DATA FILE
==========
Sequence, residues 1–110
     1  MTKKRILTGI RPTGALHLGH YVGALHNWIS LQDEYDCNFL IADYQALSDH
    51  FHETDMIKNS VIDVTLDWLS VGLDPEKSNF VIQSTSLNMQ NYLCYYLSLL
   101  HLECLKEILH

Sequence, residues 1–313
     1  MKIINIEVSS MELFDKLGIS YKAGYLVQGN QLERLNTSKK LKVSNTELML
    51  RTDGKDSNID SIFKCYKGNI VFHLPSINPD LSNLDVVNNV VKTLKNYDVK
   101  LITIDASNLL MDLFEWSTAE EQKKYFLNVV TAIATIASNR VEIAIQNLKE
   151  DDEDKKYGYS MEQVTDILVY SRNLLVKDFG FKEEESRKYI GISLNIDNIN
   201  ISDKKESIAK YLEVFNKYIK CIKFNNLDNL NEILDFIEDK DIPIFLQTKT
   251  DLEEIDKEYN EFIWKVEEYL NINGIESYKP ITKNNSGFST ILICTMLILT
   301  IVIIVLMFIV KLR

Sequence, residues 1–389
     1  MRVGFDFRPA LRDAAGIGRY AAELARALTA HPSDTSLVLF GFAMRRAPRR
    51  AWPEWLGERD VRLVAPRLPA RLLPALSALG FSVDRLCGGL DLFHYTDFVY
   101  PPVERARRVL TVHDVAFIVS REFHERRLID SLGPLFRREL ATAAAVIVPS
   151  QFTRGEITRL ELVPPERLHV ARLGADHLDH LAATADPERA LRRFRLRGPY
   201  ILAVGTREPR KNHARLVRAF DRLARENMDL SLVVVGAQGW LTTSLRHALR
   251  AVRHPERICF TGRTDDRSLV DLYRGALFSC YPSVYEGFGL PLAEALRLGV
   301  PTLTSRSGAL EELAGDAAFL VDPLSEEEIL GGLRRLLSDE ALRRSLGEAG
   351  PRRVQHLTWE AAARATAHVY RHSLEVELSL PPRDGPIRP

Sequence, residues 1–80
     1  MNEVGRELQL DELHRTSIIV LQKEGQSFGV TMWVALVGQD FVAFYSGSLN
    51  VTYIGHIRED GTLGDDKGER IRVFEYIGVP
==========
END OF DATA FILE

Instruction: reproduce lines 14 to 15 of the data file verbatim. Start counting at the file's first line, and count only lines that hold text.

     1  MRVGFDFRPA LRDAAGIGRY AAELARALTA HPSDTSLVLF GFAMRRAPRR
    51  AWPEWLGERD VRLVAPRLPA RLLPALSALG FSVDRLCGGL DLFHYTDFVY